Source | www.cmu.edu | Sara Vaccar
The adage goes, “If at first you don’t succeed, try, try again.” But new research from Carnegie Mellon University and the University of Pittsburgh finds that it isn’t all about repetition. Rather, internal states like engagement can also have an impact on learning.
The collaborative research, published in Nature Neuroscience, examined how changes in internal states, such as arousal, attention, motivation and engagement can affect the learning process using brain-computer interface (BCI) technology. Findings suggest that changes in internal states can systematically influence how behavior improves with learning, thus paving the way for more effective methods to teach people skills quickly, and to a higher level of proficiency.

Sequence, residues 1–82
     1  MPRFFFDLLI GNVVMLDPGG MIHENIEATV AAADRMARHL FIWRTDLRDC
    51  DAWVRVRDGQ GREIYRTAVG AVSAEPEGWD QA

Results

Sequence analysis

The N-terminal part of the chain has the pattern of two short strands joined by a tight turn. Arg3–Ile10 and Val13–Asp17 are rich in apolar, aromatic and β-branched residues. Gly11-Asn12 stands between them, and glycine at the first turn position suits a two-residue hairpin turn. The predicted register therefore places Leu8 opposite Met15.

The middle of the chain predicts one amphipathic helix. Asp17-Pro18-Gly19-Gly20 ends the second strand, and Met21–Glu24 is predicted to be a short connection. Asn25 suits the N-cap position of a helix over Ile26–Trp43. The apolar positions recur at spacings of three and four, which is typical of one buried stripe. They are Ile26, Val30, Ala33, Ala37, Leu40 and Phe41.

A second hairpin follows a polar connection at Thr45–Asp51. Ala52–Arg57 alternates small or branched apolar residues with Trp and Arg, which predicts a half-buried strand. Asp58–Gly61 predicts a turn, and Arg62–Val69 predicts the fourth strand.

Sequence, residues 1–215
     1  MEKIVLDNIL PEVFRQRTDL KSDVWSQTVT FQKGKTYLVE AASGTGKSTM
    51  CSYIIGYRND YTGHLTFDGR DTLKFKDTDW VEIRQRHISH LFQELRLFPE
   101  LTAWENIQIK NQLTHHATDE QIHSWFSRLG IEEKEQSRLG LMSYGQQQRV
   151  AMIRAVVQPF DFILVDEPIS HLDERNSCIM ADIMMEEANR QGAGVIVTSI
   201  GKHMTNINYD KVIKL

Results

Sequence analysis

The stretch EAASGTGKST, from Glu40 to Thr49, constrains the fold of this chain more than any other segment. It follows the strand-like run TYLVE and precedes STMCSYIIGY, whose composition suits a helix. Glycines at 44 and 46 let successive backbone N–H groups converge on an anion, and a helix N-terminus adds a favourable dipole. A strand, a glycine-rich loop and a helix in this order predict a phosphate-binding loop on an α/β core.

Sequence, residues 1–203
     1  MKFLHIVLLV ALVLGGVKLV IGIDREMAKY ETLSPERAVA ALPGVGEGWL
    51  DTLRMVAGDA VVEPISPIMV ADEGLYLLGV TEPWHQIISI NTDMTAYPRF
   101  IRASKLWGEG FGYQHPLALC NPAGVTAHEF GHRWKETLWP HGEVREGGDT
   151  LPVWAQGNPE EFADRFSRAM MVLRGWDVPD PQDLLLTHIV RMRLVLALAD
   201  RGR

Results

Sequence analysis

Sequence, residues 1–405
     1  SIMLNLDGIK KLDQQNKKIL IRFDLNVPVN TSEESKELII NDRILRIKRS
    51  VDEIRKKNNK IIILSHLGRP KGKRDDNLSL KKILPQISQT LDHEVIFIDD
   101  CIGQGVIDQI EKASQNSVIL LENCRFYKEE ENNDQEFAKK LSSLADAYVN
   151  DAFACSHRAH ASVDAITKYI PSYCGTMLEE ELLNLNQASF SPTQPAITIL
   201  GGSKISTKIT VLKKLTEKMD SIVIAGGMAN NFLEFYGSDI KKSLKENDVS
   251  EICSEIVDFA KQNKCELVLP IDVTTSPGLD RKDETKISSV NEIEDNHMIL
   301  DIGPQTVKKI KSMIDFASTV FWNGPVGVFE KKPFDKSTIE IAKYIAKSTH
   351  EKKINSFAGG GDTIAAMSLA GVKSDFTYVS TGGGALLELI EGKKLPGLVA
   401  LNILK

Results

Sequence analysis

Internal states are known to modulate brain-wide neural activity, and studies continue to explore their impact on motor control, sensory processing and cognition. However, the specific interaction between internal states and learning is not well understood.
“Intuitively, we know that neural activity changes as we’re learning different things, because our behavior gets better with practice,” explained Jay Hennig, a graduate student in neural computation and machine learning at Carnegie Mellon. “However, what we’re finding is that it’s not just about getting better. All of the things that go on alongside of learning, such as one’s level of attention or state of arousal, play a significant role.”